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The Big Picture: Political Test for EU Climate Policy

Copyright © 2021 Energy Intelligence Group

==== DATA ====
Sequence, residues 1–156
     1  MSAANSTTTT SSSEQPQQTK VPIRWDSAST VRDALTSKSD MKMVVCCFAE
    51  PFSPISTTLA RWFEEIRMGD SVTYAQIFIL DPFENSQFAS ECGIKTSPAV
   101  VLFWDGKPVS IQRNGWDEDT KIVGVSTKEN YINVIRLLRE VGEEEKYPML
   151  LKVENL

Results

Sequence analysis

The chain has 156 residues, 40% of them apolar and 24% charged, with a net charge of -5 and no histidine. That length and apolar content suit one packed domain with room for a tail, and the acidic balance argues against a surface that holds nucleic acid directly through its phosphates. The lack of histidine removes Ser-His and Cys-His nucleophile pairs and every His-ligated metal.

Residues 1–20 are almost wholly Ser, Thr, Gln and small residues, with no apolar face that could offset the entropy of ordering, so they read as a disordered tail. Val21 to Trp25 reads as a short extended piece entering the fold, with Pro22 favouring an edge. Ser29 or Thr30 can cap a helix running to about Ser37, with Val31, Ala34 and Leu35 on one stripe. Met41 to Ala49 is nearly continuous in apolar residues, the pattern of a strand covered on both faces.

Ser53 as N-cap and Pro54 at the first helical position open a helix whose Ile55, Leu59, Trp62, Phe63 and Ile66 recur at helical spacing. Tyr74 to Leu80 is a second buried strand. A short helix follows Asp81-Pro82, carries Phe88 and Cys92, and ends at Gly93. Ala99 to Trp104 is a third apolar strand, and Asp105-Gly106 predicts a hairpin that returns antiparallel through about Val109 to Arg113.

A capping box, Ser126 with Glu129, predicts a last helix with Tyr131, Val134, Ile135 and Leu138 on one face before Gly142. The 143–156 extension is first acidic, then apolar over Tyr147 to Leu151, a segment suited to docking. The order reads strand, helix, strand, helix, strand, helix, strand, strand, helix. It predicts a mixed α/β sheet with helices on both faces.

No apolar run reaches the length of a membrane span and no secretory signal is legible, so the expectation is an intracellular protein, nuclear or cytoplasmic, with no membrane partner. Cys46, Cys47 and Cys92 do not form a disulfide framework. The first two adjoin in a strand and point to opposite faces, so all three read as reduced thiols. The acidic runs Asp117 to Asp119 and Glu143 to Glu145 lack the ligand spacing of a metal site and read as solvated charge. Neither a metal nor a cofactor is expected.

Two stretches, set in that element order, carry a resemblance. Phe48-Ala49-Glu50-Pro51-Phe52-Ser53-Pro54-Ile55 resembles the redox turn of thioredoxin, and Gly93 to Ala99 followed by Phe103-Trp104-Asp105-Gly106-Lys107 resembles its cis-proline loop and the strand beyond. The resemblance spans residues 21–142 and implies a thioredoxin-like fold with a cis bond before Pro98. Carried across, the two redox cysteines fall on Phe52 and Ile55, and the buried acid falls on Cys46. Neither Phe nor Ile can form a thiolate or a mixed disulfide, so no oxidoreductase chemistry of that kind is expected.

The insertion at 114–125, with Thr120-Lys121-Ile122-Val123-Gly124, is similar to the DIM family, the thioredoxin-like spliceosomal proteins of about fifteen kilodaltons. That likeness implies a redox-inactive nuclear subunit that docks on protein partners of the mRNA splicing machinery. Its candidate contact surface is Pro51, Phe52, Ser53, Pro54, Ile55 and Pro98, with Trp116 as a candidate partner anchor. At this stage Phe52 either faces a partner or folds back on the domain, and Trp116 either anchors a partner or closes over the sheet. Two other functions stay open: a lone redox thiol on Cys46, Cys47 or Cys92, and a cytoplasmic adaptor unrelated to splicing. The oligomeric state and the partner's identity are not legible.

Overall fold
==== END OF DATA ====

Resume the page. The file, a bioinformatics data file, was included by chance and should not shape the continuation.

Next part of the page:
• The EU’s new raft of sweeping climate policy proposals, unveiled this week, could hit consumers more explicitly than previous climate measures, potentially widening divides between the EU’s wealthier and less well-off member states and citizens. • But the policies are not expected to challenge broad and growing political consensus on the need for climate action, with pushback so far coming mainly from heavy industry and fossil energy lobbyists jockeying for position ahead of further negotiations. • Instead, expect a lot of the debate to be around how to make this a just and equitable energy transition -- and that means funding and tax policies that spread the burden of deeper decarbonization. The EU is confronting a next level of climate policymaking as it moves beyond the low-hanging fruit of power decarbonization to lay a path to cutting greenhouse gas emissions by 55% from 1990 levels by 2030 and hitting net-zero emissions by 2050. Facing such a monumental task, the EU’s less advantaged eastern and central members -- some of whom also rely relatively more on fossil fuels, in particular coal for power generation --- could balk at the new demands placed on them. There is also concern about the impact on poorer households in richer member states, with some politicians and campaigners drawing parallels to France’s Yellow Vest protests, where a poorly timed fuel tax increase of a few cents sparked a backlash fueled by wider issues of income disparity (EC Mar.15'19). Brussels is aware that populists could latch on to specific trigger issues and turn public opinion against the broader Green Deal objectives. To prevent that, it is emphasizing budgeted EU funding for social cohesion and an associated jobs push could help prevent such backlash and protect the average consumer from higher energy bills. Key Policies As the EU focuses attention on decarbonizing industry, heating and transport, its "Fit for 55" policy package will affect issues closer to people's everyday lives like personal transport and home heating (IOD Jul.14'21). This includes revisions to the EU’s Emissions Trading System (ETS), which alongside energy taxation changes signal a shift to stronger carbon pricing across the economy. There are new targets for renewables in power, as well as transport and heating. Updated automobile carbon dioxide standards will also effectively phase out sales of new internal combustion engines (ICE) by 2035 -- supported by new targets for electric vehicle (EV) and hydrogen refueling infrastructure. Other proposals seek to speed up the decarbonization of aviation and maritime transport, including via new taxes. A new carbon border levy will be put in place, too. Cost Impact Managing the actual or perceived impact the legislation will have on people’s wallets will be its key to success. But consumers are long used to fluctuations in power and fuel prices driven by wider market dynamics, and Europe’s high fuel and vehicle taxes already apply a high implicit carbon price to motoring. In most instances, proposed measures could just add more layers of taxation that might not stand out. Still, the EU is trying to handle the cost burden carefully, largely by getting ahead of it. Social cohesion funds are seen as essential to a just transition -- leaving no consumers or countries behind. Fuel poverty is a widespread problem even in the EU’s richest member states. Recognizing this, the EU proposes that 25% of the revenue generation by extending emissions trading to buildings and road transport will go to measures to help those less well-off to carry out building renovation, decarbonize heating and cooling of buildings, and to finance zero- and low-emission mobility and transport. Member states can match that "social climate" funding. EU-Wide Buy-In What might surprise observers outside of Europe is the broad political, social and industrial consensus on moving ahead with these climate policies. All member states have committed to net-zero by 2050 targets, with the exception of Poland, which backs the proposal but says it needs its own timeframe to achieve it. Arguments mostly center around degrees and timing of climate action needed, versus the climate skeptic camp that informs the US debate (EC Mar.19'21). The recent vote in the European Parliament setting a 55% emissions reduction target by 2030 into law passed by a wide margin, supported by most mainstream left and right political groupings. Criticism came at the margins: Greens believed it was too tame, the far right thought it went too far. The "Fit for 55" package is also being pitched as bringing skilled jobs and commercial opportunities, which could be key to securing lasting support. Some industrial groups are also on board, such as the Federation for German Industries (BDI) and the European Chemical Industry Council. The BDI sees a positive effect on the German economy of following strict climate targets, which they believe would trigger extensive modernization of the German economy. European oil majors with advanced transition strategies are meanwhile under investor pressure to do even more. Managing the Pace Dealing with perceptions of not doing enough -- rather than doing too much -- will be the next challenge for Europe. For example, only a year after setting its initial 40% emissions reduction target by 2030, Brussels increased it to 55%, the earlier target seen as lacking in ambition. Notably, 11 EU member states had lobbied to ban EU funding of crossborder natural gas projects, although the EU ultimately agreed to prolong it (related). And some parts of the economy have moved way beyond the EU’s climate ambitions. The automotive industry, for example, has already set phaseout dates for ICE vehicles between 2028-35 without the need for policy action amid a huge investment push to produce EVs. Continued declines in renewables costs will also inform the pace. For example, decarbonizing power, now seen as "low-hanging fruit," was viewed as more challenging just a few years ago. Wednesday’s big unveiling of policy proposal marks only the start of many more months of debate expected between EU officials, elected representatives in the European Parliament and member states in the EU Council. Negotiations will seek to strike a balance between the strong climate action the science says is urgently required and the need to ensure an equitable transition. Brussels is also looking to a global audience, as it seeks to cement the EU’s reputation as a climate leader ahead of the UN COP26 climate talks in Glasgow, with the “Fit for 55” packaging representing the first detailed proposals to put a major economy on a path to net zero (EC Jun.4'21). Jaime Concha, Copenhagen, Ronan Kavanagh and Jay Eden, London, and Philippe Roos, Strasbourg